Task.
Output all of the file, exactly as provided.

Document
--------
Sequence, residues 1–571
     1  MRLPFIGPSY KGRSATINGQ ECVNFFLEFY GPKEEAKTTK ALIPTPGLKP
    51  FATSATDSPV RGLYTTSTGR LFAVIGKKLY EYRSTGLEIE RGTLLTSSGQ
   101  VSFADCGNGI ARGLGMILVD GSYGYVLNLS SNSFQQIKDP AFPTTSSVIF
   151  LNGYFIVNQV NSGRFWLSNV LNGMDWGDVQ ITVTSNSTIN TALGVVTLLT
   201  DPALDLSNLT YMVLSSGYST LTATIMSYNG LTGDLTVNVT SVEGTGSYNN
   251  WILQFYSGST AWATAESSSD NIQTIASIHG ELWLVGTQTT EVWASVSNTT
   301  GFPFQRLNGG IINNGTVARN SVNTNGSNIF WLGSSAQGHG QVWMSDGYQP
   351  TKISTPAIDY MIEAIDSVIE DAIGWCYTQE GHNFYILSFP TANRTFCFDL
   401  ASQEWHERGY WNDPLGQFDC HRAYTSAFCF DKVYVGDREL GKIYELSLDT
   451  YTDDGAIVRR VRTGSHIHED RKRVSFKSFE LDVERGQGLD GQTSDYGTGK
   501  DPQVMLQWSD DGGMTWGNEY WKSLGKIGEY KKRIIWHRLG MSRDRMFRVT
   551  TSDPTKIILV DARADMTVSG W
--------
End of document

Sequence, residues 1–571
     1  MRLPFIGPSY KGRSATINGQ ECVNFFLEFY GPKEEAKTTK ALIPTPGLKP
    51  FATSATDSPV RGLYTTSTGR LFAVIGKKLY EYRSTGLEIE RGTLLTSSGQ
   101  VSFADCGNGI ARGLGMILVD GSYGYVLNLS SNSFQQIKDP AFPTTSSVIF
   151  LNGYFIVNQV NSGRFWLSNV LNGMDWGDVQ ITVTSNSTIN TALGVVTLLT
   201  DPALDLSNLT YMVLSSGYST LTATIMSYNG LTGDLTVNVT SVEGTGSYNN
   251  WILQFYSGST AWATAESSSD NIQTIASIHG ELWLVGTQTT EVWASVSNTT
   301  GFPFQRLNGG IINNGTVARN SVNTNGSNIF WLGSSAQGHG QVWMSDGYQP
   351  TKISTPAIDY MIEAIDSVIE DAIGWCYTQE GHNFYILSFP TANRTFCFDL
   401  ASQEWHERGY WNDPLGQFDC HRAYTSAFCF DKVYVGDREL GKIYELSLDT
   451  YTDDGAIVRR VRTGSHIHED RKRVSFKSFE LDVERGQGLD GQTSDYGTGK
   501  DPQVMLQWSD DGGMTWGNEY WKSLGKIGEY KKRIIWHRLG MSRDRMFRVT
   551  TSDPTKIILV DARADMTVSG W